Not a week goes by where I fail to see somebody starting a sales pitch with the phrase, “Since taxes are going to go up in the future…” (probably a whole life insurance guy.)

Maybe taxes are going up, maybe they aren’t. But tax laws don’t need to change in order to pay more taxes in the future due to tax-loss harvesting.

This year a small capital loss might save us 4% on State taxes and 10-12% on ACA premiums. That is a ~15% tax increase over the 0% we would have saved from a loss a few years ago.

If we managed to carry forward our losses undisturbed for many years… to a date when we are collecting Social Security and perhaps start to face RMDs, the ~16% we could save today could easily reach the maximum capital gains tax rate of 23.8%. (Because of tax deferral this isn’t a guaranteed loss… time value of money, etc… We are 25 years away from RMDs so even a minimal return will make a 16% savings now the right choice.)

Complete loss of tax-loss due to IRA dividend reinvestment

A lot of “how to tax-loss harvest” guides start with this phrase: completely disable dividend reinvestment in ALL of your accounts. This includes your spouse’s accounts!

Which is fine… maybe you like another monthly/quarterly item on your to do list or to hold uninvested cash in your IRAs.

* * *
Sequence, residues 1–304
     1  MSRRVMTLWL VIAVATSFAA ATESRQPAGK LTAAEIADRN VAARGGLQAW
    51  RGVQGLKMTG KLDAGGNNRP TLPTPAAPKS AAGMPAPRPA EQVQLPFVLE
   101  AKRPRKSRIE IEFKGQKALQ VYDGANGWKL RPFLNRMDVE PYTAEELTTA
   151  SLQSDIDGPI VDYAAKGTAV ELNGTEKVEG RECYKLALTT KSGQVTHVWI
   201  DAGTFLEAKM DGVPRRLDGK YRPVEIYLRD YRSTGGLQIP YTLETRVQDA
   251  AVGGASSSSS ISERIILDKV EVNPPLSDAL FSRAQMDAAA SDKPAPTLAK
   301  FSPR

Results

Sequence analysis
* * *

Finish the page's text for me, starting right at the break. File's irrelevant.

This is because of wash sale risk, a part of the tax-loss harvesting nuance. This says if you buy a substantially identical investment 30-days before or after realizing a capital loss, the loss is washed away – no tax deduction this year and no adjustment to basis (unless you also sell the shares that caused the wash sale.) A common cause of a wash-sale is the reinvestment of dividends…

Now… if this purchase occurs inside of an IRA… the loss is washed away FOREVER. There is no adjustment to basis in your IRA and you will be taxed on the full value upon withdrawal.

In theory, this is difficult for the IRS to enforce. They don’t get a record of all of your IRA transactions (as of today.) But in an audit situation they very well could uncover a wash sale.

For an example, see the Investopedia article, Can IRA Transactions Trigger the Wash-Sale Rule? (external link)


As an expat with no tax burden, I didn’t see the value in tax-loss harvesting. Any tax-loss would just be offset by my next capital gain harvest.

But as a US resident with State and ACA tax burden, tax-loss harvesting is a big win. We can benefit from ordinary losses for several years AND increase the number of years where we can sell shares with no/low capital gains.

It isn’t all guaranteed and risk free, but we can avoid what I see as the 3 main risks.

I am absolutely tax-loss harvesting.

Thanks to readers Dan and Mighty Investor for the valuable feedback!

Are you tax-loss harvesting?